Of course, there will be jobs that need to be done at a specific location, particularly those in hospitals, factories and shops, but there’s quite a lot of people in Cardiff working in industries that would lend itself to remote working. According to the 2011 census, which is admittedly a bit old, we have:
|Information and communication||6470|
|Financial and insurance activities||8471|
|Real estate activities||2301|
|Professional, scientific and technical activities||10270|
|Administrative and support service activities||6766|
|Public administration and defence; compulsory social security||12508|
That’s quite a large group of people from a pool of 159,614. This could be 46,786 people who aren’t sat in a queue of rush-hour traffic. Tens of thousands fewer cars on the roads at peak times, cleaner air, lower travel costs and more money staying in our pockets.
The UK Government has published a code of practice for this “smart working” malarkey, supported by a BSI specification (PAS 3000:2015). I’ve not read the code of practice –it’s £84 I’m not willing to spend, but you may wish to have a read of Jason Fried’s book, Remote: Office Not Required instead. It’s a more reasonable £12.99 from Waterstones and explains everything far better than I can.
Smart working has become more common in recent years across the private and public sectors. It can play an important part in meeting the challenge of doing more with less. New technologies support smart working by enabling more mobility of work, and legislation is encouraging flexible working and new trends in workplace design.
The code of practice is intended for use by the public, private and not-for-profit sectors and organisations of all sizes. Leaders and managers in employing organisations and people who implement smart working programmes will find it particularly useful.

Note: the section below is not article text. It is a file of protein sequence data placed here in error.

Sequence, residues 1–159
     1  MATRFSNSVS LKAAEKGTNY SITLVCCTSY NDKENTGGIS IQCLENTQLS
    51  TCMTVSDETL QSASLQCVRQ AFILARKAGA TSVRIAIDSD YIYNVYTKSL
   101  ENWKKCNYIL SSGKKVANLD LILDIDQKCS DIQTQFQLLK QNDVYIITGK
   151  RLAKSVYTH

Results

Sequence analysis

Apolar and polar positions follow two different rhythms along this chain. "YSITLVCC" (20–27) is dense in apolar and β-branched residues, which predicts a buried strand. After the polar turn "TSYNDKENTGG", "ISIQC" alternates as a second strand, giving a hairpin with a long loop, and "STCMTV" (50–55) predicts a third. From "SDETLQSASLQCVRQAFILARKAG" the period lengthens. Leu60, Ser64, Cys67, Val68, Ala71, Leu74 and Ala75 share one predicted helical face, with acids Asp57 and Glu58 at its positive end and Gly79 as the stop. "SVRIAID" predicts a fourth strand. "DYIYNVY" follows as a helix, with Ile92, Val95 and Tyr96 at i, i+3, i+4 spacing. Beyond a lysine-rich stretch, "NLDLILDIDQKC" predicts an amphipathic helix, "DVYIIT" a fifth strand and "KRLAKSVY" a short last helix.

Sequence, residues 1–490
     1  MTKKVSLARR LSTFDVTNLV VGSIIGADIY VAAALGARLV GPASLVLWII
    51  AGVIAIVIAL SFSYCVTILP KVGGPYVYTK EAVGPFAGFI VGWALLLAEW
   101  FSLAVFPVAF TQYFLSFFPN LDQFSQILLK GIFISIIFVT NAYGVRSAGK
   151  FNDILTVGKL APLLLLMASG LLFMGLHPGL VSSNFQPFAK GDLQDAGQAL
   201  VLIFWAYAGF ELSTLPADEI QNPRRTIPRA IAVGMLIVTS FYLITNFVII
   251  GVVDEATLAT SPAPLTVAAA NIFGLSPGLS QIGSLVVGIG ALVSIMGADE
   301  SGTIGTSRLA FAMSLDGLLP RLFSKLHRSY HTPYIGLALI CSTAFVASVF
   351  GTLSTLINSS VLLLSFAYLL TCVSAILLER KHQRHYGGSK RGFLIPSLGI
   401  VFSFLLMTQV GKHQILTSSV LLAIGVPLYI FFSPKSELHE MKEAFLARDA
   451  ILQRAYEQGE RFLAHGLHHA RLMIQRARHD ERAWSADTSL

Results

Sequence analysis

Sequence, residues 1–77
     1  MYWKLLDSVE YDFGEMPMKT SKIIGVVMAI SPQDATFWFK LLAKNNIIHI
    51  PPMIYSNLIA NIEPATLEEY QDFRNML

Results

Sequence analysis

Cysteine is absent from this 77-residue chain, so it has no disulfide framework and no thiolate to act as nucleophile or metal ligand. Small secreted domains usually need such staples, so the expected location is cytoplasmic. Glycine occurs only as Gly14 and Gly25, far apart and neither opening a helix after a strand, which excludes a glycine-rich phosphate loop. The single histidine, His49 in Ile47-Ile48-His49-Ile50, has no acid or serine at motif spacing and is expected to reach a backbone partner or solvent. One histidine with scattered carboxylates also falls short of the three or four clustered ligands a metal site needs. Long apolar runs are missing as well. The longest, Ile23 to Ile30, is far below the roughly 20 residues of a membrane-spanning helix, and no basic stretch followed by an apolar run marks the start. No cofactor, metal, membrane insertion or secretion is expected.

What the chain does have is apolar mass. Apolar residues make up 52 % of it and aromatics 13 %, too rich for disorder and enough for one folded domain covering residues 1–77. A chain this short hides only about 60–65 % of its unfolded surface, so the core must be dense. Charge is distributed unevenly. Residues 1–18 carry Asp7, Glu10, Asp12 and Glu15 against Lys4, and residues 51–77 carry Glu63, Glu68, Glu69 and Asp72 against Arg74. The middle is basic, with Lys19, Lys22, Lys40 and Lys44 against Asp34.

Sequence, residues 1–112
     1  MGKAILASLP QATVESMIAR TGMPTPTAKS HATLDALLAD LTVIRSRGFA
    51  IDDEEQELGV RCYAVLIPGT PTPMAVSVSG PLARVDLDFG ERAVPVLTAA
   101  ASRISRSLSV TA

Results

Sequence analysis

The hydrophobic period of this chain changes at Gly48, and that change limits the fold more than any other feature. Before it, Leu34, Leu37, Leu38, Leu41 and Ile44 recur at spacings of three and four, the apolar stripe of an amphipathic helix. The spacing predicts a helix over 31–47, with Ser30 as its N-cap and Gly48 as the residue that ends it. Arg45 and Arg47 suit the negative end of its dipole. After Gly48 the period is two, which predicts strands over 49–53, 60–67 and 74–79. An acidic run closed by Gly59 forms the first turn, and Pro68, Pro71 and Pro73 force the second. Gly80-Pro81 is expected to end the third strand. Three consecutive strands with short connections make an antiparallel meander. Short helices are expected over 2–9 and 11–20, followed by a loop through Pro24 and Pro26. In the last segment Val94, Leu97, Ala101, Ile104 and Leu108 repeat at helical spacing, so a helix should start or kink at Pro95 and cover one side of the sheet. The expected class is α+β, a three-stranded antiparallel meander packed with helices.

How, where and what?
A shift to remote working takes a period of adjustment whether you are an employer or an employee.
For employers, you’ll need to consider how your IT is set up. Cloud services have started to spring up all over the place in recent years, with Microsoft and Google leading the charge. You could take out a corporate Office 365 subscription and move all of your applications, email and storage to their platform. You could host any of your bespoke applications from a cloud service like Microsoft’s Azure cloud, or Amazon’s EC2. You then need to consider how staff will access it, whether that is by buying laptops for everyone, or allowing them to use their own, with a stipend in their salary for buying equipment and any other adjustments they need to work safely. You’ll also want to consider a VPN service to ensure their connection to your network is secure.
Most importantly, none of this works without collaborative and communication tools, whether we are talking about Skype, Slack, Trello, Evernote, OneNote or any others that come along between and the end of the world. Without face-to-face contact, employees need to lean on other means to work together on tasks or projects.
Employees too will need to get used to the new found freedom to manage their own workload within their own time; getting used to not seeing their colleagues (this can be both good and bad, depending on how you much you like your colleagues!) and finding places that are conducive to work.
Collaborative working spaces are popping up all over the place, not least Cardiff. Coworker.com has a number of listings for Cardiff and there may be somewhere near to where you live, if you didn’t want to work at home. There are also libraries and coffee shops, providing you keep buying coffee and do your bit to support the coffee shop you are using as an office for the day.
Employees will also need to figure out what to do with the extra hours they’ll have in their day; the bus fare or petrol they’re no longer buying; and most importantly, where they can go for a ride when they choose to take a lunch break.
If you are no longer wasting an hour getting to work; an hour to get home and you’d normally take an hour for lunch…that’s three whole hours in the middle or at the end of the day with which to go cycling…